Cupertino schools implement programs aiming to tackle bullying, hate crimes

Local high schools are implementing new programs that aim to create a safer and more inclusive environment following several incidents on campuses last school year involving racism, misogyny, hate crimes and bullying.

In July, Homestead Principal Greg Giglio announced a partnership with local law enforcement to educate students on cyber safety.  School officials have also collaborated with the Oshman Family Jewish Center and the Anti-Defamation League on student training.

Meanwhile, Cupertino High School announced required training for students and teachers in a “Speak Up at School” program designed to teach bystanders to speak up when encountering bullying, name-calling and identity-based stereotypes.

Following several campus incidents that caused alarm last school year — including the discovery of a racist “kill list” created by non-black Monta Vista High students — Fremont Union School District Superintendent Polly M. Bove released a statement in July reiterating the district has zero tolerance for such acts.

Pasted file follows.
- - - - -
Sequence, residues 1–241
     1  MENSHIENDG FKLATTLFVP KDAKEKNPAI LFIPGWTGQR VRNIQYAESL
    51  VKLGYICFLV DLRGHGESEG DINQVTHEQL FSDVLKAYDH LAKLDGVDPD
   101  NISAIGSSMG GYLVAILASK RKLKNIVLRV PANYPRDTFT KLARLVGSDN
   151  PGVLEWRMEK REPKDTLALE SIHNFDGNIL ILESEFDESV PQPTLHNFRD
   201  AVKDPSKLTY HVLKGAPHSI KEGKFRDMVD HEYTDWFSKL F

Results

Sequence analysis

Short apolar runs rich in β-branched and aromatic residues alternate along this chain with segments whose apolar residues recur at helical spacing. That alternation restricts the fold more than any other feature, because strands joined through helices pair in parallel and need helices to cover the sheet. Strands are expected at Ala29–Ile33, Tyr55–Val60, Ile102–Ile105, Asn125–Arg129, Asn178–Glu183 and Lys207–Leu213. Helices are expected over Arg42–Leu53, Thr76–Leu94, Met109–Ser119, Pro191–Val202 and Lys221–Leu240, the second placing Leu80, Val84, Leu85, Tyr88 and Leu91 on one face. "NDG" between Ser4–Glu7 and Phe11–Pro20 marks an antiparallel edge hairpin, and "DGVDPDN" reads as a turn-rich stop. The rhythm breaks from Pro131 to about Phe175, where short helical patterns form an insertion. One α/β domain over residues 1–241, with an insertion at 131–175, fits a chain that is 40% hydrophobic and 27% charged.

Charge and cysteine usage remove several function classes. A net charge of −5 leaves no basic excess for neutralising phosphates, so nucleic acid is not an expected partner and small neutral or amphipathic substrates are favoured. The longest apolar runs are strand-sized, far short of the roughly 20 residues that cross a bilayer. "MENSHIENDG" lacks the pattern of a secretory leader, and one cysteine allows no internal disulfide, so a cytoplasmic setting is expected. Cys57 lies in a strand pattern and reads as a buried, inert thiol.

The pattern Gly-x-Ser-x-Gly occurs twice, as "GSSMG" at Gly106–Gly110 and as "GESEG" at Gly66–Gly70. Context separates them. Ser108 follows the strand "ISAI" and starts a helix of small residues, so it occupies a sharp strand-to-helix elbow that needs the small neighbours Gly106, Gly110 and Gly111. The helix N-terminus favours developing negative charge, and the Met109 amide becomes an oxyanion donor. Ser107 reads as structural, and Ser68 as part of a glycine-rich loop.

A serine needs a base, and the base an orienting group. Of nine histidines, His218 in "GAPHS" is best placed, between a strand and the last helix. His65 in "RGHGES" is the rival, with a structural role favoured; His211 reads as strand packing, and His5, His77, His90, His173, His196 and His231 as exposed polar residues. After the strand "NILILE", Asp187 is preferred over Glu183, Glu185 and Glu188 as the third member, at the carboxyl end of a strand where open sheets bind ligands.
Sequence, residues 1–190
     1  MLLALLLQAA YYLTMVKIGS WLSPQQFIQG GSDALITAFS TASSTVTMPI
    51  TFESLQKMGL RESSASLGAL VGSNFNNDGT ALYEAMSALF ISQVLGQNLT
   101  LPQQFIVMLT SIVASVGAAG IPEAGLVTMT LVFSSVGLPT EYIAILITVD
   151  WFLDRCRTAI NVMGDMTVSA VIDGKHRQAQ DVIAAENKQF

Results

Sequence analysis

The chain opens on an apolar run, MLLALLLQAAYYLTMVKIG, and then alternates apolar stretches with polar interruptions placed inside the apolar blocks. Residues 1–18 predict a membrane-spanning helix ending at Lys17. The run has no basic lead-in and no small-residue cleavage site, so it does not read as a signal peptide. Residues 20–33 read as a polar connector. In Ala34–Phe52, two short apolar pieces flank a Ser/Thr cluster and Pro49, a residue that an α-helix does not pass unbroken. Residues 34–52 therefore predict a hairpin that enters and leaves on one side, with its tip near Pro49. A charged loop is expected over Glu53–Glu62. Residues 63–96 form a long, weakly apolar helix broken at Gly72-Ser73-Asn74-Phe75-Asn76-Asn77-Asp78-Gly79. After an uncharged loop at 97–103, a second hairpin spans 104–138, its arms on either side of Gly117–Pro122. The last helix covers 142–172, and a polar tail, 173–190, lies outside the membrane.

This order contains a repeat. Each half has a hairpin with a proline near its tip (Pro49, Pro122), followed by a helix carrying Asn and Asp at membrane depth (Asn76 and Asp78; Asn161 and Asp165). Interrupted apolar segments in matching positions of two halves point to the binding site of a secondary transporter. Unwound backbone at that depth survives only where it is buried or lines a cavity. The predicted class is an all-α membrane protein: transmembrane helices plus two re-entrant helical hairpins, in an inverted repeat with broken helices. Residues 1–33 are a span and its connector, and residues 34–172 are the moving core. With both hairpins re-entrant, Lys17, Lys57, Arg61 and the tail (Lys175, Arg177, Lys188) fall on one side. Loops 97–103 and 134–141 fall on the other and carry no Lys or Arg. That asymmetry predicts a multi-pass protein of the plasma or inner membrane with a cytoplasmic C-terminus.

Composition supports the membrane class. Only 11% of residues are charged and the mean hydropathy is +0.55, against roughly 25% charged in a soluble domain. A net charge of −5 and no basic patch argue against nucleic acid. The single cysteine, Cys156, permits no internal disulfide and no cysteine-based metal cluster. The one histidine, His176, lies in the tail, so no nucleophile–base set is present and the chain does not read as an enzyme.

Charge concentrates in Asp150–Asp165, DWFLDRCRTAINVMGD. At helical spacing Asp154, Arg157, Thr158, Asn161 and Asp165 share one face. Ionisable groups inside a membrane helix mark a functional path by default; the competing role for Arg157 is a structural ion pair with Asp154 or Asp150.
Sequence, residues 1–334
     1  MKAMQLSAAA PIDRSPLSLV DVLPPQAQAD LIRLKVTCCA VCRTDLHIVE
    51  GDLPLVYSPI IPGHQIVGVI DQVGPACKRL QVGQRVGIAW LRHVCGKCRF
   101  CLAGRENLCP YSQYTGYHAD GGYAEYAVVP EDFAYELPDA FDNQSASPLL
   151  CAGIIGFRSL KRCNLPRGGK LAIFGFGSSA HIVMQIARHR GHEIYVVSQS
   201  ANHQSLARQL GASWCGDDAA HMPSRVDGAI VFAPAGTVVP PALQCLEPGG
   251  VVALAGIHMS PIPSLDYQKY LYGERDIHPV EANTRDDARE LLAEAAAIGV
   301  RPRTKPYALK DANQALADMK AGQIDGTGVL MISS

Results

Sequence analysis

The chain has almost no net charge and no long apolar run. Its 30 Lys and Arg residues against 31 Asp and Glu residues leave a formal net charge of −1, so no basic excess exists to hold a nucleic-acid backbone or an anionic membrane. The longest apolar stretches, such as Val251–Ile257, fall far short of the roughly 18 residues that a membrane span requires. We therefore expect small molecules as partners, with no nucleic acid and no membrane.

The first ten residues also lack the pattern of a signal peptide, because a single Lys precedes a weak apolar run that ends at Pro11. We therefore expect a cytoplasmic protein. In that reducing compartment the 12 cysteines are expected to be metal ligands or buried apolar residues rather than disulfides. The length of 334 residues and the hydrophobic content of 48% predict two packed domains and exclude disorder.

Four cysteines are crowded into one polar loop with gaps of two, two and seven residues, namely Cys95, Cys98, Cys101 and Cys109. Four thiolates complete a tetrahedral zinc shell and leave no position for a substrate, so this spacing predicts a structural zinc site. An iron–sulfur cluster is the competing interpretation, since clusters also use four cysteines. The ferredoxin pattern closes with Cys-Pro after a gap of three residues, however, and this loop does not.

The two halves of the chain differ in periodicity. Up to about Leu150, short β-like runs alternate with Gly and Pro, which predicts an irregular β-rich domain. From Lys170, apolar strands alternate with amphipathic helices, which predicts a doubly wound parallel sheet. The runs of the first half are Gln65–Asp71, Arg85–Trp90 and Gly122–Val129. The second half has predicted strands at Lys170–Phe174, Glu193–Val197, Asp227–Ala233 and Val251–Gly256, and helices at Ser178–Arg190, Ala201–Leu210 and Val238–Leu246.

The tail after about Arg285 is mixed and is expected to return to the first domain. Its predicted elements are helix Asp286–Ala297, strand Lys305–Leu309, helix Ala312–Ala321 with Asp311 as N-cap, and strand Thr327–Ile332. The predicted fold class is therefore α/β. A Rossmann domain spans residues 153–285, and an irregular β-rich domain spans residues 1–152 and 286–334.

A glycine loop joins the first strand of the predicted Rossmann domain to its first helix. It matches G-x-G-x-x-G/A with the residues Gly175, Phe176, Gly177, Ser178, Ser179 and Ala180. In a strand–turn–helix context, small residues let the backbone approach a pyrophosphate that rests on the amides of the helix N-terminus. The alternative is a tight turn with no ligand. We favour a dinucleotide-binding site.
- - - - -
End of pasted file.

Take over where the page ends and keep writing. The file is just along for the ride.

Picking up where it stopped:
The disturbing “kill list” incident prompted a lawsuit in June alleging the school district failed to take proper disciplinary action against the accused students.

Be the first to comment on "Cupertino schools implement programs aiming to tackle bullying, hate crimes"

Leave a comment

Your email address will not be published.